Flung out of time, The Predator is a sequel better-suited for a bygone era

20th Century Fox

20th Century Fox

Despite being their biggest source of income, franchises can sometimes be something of a conundrum for movie studios. They often begin with a bang before crashing back to Earth, sending executives into a tizzy over what direction they should take a property next. Do they make something close to the original? Do they create a quiet, understated take on the material in a bid for critical acclaim? Reboot it? The questions can be endless. No franchise knows the pain of the the throw it at the wall and see what sticks mentality of Hollywood brain trusts more than the Predator series, the saga about burly space aliens who come to Earth to hunt our deadliest warriors for sport. The original film, released in 1987, seemed ready for a blockbuster exercise in universe-building: it had one of the world’s biggest stars in Arnold Schwarzenegger, a fascinating creature brought to life by effects legend Stan Winston, and plenty of personality to spare. However, the subsequent attempts to capture the kitschy macho energy that made that film a cult classic have had less than interstellar results: Predator 2 is an incoherent, offensive mess, the Alien vs. Predator films are considered some of the worst big-budget films ever made, and 2010’s Predators is an underrated film that nevertheless no one really seems to remember. So what is 20th Century Fox to do in order to breathe some life back into this tired property? Hire Shane Black, of course.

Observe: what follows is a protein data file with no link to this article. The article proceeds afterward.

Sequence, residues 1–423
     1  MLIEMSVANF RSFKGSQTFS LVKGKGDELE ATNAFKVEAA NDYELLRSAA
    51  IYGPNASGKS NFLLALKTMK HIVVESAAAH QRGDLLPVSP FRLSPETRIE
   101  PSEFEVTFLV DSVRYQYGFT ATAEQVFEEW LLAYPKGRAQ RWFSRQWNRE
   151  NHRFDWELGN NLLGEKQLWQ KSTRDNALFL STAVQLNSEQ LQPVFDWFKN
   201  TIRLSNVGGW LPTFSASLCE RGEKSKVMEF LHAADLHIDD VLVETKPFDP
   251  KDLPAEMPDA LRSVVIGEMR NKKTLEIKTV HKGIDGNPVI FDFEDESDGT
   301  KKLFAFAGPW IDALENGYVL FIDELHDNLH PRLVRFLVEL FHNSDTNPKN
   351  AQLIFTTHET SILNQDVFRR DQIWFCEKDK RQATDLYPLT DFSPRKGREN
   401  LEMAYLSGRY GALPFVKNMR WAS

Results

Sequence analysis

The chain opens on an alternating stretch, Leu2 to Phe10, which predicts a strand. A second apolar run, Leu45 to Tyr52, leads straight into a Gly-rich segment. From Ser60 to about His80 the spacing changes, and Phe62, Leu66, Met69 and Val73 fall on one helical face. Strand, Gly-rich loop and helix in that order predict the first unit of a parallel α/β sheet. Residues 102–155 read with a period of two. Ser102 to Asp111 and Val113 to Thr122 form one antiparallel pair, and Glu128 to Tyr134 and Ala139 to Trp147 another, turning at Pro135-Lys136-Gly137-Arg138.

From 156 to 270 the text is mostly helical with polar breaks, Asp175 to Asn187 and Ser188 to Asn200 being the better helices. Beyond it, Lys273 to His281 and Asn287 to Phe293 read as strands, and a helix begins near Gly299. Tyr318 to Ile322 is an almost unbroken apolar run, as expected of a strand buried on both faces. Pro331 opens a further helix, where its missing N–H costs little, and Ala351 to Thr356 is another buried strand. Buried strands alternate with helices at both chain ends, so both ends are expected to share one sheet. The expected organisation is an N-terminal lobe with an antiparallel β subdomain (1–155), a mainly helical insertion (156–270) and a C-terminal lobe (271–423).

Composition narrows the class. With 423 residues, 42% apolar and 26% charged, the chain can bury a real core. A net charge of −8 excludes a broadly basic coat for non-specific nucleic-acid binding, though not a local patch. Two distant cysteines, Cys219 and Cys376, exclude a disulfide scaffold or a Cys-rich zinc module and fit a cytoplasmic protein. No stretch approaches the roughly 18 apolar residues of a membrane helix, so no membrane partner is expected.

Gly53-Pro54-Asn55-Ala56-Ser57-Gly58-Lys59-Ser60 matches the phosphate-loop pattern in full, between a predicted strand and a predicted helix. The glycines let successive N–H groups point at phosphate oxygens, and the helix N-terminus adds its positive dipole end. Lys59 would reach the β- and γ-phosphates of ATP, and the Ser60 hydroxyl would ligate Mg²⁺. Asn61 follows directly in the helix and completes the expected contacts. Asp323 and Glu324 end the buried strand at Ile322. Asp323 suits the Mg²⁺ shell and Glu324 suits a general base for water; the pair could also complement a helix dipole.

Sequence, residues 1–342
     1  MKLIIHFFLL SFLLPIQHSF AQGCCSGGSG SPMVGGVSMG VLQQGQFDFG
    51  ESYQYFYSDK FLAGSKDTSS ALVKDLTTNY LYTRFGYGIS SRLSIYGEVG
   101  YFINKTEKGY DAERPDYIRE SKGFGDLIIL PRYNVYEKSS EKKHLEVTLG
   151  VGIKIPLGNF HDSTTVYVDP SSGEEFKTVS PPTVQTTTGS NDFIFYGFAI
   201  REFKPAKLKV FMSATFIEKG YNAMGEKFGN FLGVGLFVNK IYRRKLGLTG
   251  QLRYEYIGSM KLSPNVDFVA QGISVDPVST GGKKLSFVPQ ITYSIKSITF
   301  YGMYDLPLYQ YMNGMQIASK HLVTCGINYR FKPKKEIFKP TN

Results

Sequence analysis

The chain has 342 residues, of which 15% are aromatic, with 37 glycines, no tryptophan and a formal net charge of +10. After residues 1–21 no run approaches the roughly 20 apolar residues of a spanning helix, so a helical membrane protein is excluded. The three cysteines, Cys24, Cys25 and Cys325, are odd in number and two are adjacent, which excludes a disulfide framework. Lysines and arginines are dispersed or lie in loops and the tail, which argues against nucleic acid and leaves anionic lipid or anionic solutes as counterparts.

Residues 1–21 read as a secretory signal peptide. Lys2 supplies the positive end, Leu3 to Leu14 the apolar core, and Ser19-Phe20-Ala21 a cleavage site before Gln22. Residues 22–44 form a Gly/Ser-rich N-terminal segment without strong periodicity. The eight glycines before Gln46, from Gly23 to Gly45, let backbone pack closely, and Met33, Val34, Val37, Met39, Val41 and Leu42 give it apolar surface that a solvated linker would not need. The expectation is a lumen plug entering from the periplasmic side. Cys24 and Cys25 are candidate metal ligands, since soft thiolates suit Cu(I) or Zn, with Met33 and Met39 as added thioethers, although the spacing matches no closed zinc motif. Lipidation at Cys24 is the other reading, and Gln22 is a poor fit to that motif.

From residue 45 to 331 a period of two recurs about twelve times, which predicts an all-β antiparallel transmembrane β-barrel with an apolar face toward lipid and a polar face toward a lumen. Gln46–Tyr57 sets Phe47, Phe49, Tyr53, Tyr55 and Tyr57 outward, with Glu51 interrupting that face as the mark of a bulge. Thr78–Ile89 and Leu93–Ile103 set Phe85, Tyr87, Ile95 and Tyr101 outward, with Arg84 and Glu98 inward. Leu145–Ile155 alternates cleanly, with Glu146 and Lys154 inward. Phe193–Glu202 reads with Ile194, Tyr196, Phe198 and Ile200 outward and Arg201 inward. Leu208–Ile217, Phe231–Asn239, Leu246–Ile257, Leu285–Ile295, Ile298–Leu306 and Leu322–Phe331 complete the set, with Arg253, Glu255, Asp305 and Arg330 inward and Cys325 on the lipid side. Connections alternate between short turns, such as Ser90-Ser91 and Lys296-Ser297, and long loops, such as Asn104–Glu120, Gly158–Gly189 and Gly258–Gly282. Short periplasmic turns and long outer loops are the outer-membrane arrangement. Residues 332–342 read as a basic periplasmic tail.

Black is basically the father of modern action movies, formulating the genre as we now know it with 1987’s Lethal Weapon. Since that film’s release, he has become the go-to man for action scripts which revel in witty banter and unabashed celebrations of male bonding. Fresh off a string of writing/directorial successes and already involved with the Predator franchise to some extent (he acted in and re-wrote parts of the 1987 original), Black seems like a natural choice to re-imagine the Predator for the 21st century, bringing back to life the camaraderie and one-liners that define the first film and giving it a fresh spin. However, watching The Predator, it becomes clear that while Black’s hiring certainly has its improvements, Hollywood still can’t quite figure out to do with one of its most iconic villains.